Running doubles has many benefits, but it’s not a practice for everyone.
If you’ve spent enough time at your running club’s favorite watering hole, or happened to eavesdrop on a conversation between veteran runners, you’ve probably heard the concept of running twice per day being tossed around. Runners often refer to this practice as “running doubles.”
Doubles are a training staple for most elite athletes. I can’t think of an Olympic-level distance runner who doesn’t run twice a day at least a few times per week. Since two runs per day work so well for the elites, it’s no wonder that many competitive, non-professional runners will occasionally ask themselves: “Could I benefit from running twice a day too?”
It’s a fair question and the answer, of course, is very individual. Let’s take a look at the advantages and disadvantages of running twice per day and then analyze where you might fit in given your current training and racing goals.
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Advantages Of Doubles
Despite the latest fad a catchy magazine headline might try to sell you suggests, to run faster you have to run more. Running well at distances over 5K relies primarily on your aerobic endurance and development. Therefore, anything that a runner can do to boost his or her mileage will contribute to their overall aerobic development and progression.
Increased Training Benefits
The primary benefit of adding double runs to your weekly training routine is that running twice per day puts your body in a glycogen-depleted state, which enhances training adaptations, especially if you’re training for a marathon. Scientifically speaking, studies have shown that glycogen content, fat oxidation, and enzyme activity increase when training twice per day. In moderation, this means you’ll get fitter faster.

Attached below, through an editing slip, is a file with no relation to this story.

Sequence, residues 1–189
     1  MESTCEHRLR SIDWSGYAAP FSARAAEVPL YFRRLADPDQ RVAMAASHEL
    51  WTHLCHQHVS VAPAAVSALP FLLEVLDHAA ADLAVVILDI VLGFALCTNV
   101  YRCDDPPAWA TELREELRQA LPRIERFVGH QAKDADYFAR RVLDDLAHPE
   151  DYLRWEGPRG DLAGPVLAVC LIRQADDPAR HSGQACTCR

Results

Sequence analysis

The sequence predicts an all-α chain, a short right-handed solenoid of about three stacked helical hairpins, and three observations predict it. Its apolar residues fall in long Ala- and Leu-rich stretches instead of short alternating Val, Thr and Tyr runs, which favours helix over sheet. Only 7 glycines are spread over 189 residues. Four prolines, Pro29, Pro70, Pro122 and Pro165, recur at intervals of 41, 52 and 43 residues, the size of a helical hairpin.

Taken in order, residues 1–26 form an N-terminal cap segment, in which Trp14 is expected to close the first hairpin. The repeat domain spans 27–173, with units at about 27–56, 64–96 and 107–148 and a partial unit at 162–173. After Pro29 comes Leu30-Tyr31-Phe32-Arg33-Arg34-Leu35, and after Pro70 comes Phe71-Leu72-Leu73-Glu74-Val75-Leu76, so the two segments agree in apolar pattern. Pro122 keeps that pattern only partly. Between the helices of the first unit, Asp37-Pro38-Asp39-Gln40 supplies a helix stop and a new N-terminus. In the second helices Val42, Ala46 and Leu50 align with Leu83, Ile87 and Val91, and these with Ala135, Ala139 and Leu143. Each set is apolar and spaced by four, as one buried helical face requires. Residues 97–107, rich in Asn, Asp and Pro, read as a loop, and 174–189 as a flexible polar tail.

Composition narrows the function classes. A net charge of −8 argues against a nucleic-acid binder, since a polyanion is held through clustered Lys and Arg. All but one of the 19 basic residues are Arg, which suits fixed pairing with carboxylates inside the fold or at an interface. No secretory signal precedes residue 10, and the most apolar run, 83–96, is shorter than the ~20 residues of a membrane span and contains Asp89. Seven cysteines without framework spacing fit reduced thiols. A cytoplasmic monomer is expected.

More Efficient Recovery
Running one 8-miler is definitely harder on the body than running two 4-milers. You don’t have to be a rocket scientist to know that training will be easier when you have the chance to rest and refuel in between runs. Furthermore, since the purpose of an easy run is to facilitate recovery, running twice per day increases the frequency at which you speed blood, oxygen and nutrients to the muscles.
Easier To Manage Long Training Days
For runners who are already waking up before dawn to get in their miles, adding more mileage to their morning routine might not be feasible. However, by incorporating double runs and turning your 8 or 10 miler into two runs — one in the morning and one in the evening — you can safely boost your overall mileage without being late for the morning commute.
Disadvantages Of Doubles
Interestingly, the same advantages described above can actually be disadvantages if you’re not an experienced runner with a significant aerobic base. Simply speaking, once you’ve been training at a high level for 3-5 years, the aerobic advantages of an easy run start to follow the path of diminishing returns. You still derive benefit from an easy 8-10 mile run, but not as much as a beginner runner whose aerobic endurance isn’t anywhere near its limit.
60-90 Minutes Is Optimal For Building Aerobic Endurance